Where Do Dogs Like To Be Pet?

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While your dog doesn't say it with words, they appreciate when you pet them just right. And yes, there is an art and more than a little science to petting a dog, and it's backed up by research. Studies have shown there are some universally good and bad places to pet your dog, so for your dog's sake, learn where and how they like to be pet. Petting your dog communicates your love, strengthens your bond, and is scientifically proven to be a positive experience for you both.


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Where do dogs like to be pet?

You may have never given a thought to petting your dog, you simply just did it. But as you might expect, there are a multitude of variables involved with petting. First, your dog must be in the mood for a pet. You must also know their preferences such as where and how they like to be pet. Just like people, dogs have preferences. Some dogs go crazy for a head pat, while others love a combo of tail and under-the-chin scratches. Deciphering the silent signals from your dog will help you determine the best way to pet them.


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The chest, shoulders, and the base of the neck are among the best places to pet your dog. Many dogs enjoy being pet at the base of the tail, under the chin, or on the back of the neck. If your dog is in pain, they may suddenly yelp when you touch a vulnerable spot on their body, which will alert you to an issue that may need a visit to the vet.


WOOF: Why Do Dogs Like Belly Rubs?

Avoid petting or touching the top of the dog's head, muzzle, ears, legs, paws, and tail. Gentle, slow petting or light scratching has a calming effect on many dogs and sharing contact is a mutually beneficial exercise for you and your pup.


Your petting moves should be light, soft, and supportive like a soft massage. Think about how the petting feels to your dog. Roughness may be interpreted by your dog as anger, frustration, or disappointment and spoil the interaction.

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Dogs love petting accompanied with praise.

Surprising new research suggests that dogs are crazy about humans petting them, much more so than verbal praise, such as "good boy" or any of the other things we say and do to show affection to our dogs. Studies conducted by Dr. Clive Wynne, professor and director of the Canine Science Collaboratory at Arizona State University, observed 42 shelter and pet dogs interacting with two people in a room. As one person petted the dog, the other offered verbal praise. The researchers gauged the length of the dog's interaction with each person. The other part of the study included 72 shelter and pet dogs placed in rooms with only one person, a stranger for the shelter dogs and the dogs' owners. Interactions were recorded with each session varying between the person petting or praising the dog or both, versus no interaction at all.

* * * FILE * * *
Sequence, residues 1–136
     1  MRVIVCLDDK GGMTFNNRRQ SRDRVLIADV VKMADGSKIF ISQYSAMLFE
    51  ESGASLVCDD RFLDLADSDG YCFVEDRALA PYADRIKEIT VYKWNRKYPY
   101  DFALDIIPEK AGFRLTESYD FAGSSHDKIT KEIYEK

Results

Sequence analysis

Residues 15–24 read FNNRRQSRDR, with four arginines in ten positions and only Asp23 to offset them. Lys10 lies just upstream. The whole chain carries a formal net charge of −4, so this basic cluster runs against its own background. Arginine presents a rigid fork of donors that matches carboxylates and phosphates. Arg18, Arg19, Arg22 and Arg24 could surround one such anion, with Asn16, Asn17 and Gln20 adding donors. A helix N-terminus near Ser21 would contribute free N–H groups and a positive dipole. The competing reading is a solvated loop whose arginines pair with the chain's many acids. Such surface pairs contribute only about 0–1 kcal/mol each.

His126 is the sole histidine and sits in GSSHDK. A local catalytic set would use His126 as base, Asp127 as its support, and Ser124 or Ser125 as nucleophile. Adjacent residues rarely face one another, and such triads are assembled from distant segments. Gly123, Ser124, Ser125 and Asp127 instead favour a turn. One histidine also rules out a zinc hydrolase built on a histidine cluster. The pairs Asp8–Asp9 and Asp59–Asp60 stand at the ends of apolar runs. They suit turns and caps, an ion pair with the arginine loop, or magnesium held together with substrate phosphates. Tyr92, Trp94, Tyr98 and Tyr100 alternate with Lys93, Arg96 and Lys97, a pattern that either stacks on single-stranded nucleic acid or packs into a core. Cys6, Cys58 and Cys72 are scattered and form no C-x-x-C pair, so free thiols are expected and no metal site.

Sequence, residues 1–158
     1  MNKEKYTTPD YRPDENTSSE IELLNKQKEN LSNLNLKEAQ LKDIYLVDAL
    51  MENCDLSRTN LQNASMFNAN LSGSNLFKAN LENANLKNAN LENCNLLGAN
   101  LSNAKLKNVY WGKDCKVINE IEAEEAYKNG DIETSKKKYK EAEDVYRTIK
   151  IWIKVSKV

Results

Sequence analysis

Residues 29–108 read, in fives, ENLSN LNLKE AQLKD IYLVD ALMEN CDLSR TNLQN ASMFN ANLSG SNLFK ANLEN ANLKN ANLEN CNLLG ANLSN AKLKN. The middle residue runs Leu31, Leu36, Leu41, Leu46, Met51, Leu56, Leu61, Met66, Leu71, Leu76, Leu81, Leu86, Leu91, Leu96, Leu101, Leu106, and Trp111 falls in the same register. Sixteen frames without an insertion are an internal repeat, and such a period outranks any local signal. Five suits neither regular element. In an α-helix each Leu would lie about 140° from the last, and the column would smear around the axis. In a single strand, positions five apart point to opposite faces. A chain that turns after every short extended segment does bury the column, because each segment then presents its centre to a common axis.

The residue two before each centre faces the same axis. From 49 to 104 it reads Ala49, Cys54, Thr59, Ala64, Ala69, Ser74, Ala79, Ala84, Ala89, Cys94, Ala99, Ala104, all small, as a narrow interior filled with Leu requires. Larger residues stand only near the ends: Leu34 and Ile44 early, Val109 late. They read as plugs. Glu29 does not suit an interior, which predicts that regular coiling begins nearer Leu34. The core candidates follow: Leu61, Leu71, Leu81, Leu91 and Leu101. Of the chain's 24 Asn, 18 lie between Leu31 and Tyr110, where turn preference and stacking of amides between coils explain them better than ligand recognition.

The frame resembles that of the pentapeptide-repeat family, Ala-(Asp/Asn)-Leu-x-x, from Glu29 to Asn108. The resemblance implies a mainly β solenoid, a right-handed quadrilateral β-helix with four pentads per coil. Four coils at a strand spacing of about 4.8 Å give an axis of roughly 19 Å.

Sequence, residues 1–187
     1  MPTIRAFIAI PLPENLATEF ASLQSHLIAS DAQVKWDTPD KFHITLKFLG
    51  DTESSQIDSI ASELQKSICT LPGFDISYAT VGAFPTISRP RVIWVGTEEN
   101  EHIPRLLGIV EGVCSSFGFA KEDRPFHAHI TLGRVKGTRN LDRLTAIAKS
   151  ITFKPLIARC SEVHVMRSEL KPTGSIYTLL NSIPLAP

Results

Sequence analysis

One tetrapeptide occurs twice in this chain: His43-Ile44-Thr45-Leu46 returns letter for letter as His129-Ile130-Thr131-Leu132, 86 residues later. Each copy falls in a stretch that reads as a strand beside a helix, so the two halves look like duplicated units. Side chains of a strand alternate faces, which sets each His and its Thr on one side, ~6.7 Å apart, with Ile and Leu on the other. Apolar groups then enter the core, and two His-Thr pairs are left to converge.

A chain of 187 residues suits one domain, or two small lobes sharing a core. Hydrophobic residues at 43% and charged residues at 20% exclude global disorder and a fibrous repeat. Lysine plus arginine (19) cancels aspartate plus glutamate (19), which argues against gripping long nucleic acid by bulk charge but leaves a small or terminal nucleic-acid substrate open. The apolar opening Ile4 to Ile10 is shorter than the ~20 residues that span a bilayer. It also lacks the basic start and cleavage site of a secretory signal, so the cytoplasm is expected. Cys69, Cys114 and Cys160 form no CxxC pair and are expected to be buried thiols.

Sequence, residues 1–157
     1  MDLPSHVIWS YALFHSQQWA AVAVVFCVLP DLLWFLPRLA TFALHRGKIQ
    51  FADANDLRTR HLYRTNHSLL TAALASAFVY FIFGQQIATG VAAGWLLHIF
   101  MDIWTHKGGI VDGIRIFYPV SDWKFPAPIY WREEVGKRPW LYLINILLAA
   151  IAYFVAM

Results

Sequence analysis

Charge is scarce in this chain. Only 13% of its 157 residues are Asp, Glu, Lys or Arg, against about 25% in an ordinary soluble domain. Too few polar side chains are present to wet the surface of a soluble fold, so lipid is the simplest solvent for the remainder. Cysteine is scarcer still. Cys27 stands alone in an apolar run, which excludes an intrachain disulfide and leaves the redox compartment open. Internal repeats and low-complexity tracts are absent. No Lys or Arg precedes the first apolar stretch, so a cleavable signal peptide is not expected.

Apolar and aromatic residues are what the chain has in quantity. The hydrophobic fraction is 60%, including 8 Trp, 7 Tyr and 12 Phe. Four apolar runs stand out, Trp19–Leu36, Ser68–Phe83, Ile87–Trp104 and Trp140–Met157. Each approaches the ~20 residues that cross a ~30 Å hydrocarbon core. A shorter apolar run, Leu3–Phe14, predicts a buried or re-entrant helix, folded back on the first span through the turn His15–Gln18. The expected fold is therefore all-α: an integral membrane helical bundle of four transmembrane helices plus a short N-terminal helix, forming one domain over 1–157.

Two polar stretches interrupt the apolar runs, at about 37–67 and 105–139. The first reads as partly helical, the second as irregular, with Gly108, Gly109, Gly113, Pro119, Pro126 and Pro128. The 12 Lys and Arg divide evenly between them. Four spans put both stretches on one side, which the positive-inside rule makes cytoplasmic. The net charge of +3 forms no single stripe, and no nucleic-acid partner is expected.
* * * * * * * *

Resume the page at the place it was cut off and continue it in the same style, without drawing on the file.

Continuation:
Research revealed that the dogs showed more interest in petting when it was accompanied with praise, while vocal praise alone did not engage them as much. The essential finding is that dogs love and need petting. It lowers their heart rate and blood pressure.

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How not to pet a dog.

Most dogs dislike patting which is an up and down, harsh, vertical punch-like gesture that children often do before learning the proper way to pet a dog. Always horizontally stroke a dog softly with the growth of the fur, not against it. Slapping a dog's sides gets him equally agitated and even frightens some dogs. Fast, rough stroking is also not well-received by most dogs and can overstimulate anxious dogs. Overly vigorous, aggressive petting by overzealous humans can make dogs anxious and combative.


Respect a dog's personal space.

We all have our own "personal space," both people and dogs. When a friend's or family member's dog voluntarily enters your personal space, treat them to a stellar pet or two, some well-placed scratches, and you will be the favorite uncle or aunt and make a friend for life. Pet the dog in a no-go zone or scratch them on the belly when they are in a submissive position, and the pooch will avoid you forever — or worse, they may bite you.


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From the greeting to your petting technique, there is a right way and a wrong way to pet a dog. These rules are particularly important to emphasize with young children who may intrude on a dog's personal space by boldly marching up to them when they are lying down.

When to pet a dog.

When meeting any dog for the first time, observing proper dog-petting etiquette is vital. Do some serious dog watching before you touch that big, friendly looking fellow with the smiling dark eyes and toothy grin. A genuinely friendly dog will come toward you with his ears back slightly and his tail held at a medium height and sweeping in a wide, wagging motion. A dog may sniff you at first while they gather crucial information to determine whether or not you are trustworthy. If a dog looks or acts nervous or shows signs of suspicion, do not touch them.